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Analysis

There’s more to a poem than meets the eye.

Sound: Alliteration

The title gives it away: sound is super important in this poem. Alliteration provides one of the major poetic devices in this poem that delivers the sound that accompanies the sense (or the meaning...

Sound: Parallelism

Parallelism is one way to talk about the way the couplets function in lines 5-14, which is the section where the speaker demonstrates how his theory of sound and sense works. The first line of the...

Movement: Dance

Did you notice all the images of movement in the poem? "Dance" is only referred to once, but it's important for helping us understand the idea of sound matching sense. This poem insists that moveme...

Movement: Echo

The poem also sounds and moves like an echo. Some of the sounds actually echo through the lines (like "Eccho" → "blows" → "flows"). The poem is also echo-like because each line is always a com...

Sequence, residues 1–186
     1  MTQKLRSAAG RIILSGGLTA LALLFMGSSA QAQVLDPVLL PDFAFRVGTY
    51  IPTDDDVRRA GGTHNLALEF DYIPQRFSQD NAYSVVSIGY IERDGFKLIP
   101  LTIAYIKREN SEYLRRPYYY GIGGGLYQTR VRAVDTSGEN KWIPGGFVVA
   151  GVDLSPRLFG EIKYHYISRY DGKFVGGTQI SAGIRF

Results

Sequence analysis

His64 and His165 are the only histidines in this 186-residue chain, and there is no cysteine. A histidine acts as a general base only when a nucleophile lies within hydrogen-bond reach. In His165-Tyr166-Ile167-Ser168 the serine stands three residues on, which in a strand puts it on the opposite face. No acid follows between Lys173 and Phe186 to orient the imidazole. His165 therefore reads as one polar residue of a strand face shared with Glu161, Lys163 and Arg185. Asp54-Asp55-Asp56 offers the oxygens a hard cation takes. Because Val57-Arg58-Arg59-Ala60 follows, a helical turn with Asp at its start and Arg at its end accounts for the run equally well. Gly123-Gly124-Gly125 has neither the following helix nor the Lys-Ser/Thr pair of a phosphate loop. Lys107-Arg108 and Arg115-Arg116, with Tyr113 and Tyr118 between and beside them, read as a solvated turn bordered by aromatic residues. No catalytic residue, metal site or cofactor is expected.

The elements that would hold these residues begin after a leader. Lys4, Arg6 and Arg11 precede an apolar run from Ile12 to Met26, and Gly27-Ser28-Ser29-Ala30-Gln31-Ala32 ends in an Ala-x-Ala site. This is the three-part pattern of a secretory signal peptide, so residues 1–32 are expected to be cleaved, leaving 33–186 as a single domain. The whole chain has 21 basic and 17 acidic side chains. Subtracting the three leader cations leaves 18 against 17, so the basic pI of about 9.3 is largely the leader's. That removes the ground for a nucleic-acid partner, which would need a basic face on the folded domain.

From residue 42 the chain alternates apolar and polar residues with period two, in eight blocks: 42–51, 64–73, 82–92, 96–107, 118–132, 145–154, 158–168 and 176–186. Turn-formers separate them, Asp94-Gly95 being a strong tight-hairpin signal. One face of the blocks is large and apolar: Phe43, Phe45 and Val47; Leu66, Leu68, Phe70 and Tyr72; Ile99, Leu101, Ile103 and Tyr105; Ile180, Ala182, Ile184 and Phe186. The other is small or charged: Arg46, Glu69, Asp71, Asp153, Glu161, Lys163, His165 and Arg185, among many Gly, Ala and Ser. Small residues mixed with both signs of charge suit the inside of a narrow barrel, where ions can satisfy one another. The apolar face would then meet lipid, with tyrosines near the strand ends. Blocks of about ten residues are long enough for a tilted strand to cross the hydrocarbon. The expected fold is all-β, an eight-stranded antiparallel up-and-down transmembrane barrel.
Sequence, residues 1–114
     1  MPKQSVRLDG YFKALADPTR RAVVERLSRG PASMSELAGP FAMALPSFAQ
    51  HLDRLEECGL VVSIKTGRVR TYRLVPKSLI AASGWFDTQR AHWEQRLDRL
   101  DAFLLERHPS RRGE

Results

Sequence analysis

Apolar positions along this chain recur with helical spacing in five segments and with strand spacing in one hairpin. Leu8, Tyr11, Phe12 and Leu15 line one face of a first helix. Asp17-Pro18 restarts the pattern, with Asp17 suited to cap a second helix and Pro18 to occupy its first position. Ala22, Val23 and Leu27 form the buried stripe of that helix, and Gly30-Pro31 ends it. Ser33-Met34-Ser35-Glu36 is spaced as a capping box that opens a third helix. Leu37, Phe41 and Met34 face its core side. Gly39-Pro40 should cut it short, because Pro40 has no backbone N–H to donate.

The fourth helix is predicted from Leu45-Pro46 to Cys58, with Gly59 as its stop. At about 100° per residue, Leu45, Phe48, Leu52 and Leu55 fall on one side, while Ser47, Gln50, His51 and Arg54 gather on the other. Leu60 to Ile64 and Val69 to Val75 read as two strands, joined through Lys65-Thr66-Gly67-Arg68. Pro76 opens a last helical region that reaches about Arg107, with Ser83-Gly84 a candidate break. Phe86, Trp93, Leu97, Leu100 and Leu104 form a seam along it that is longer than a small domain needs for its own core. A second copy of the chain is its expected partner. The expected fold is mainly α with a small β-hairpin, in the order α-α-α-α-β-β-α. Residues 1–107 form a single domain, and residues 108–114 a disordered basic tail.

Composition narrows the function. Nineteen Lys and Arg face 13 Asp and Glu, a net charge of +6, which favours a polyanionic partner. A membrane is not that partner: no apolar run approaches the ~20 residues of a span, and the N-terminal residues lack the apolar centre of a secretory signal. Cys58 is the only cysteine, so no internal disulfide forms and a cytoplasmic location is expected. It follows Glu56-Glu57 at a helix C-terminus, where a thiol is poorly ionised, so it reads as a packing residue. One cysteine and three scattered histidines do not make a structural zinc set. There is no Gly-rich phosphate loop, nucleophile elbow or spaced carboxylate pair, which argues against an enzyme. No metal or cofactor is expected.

Movement: Cadence

How fast or slow the line actually moves, or its cadence, is super important in connecting sound and sense in this poem. For example, the line moves slower when speaking about Ajax than when speaki...

Nature

Funny that the poem begins with the claim that great writing comes from art (a.k.a. hard work and practice), not chance (a.k.a. natural talent), but then most of the images are things in nature. Wh...

Classical Figures

There are three classical allusions in this short poem, which tells us that the classical writers are important to the speaker of this poem. In Pope's day, classical writes (meaning ancient Greek a...
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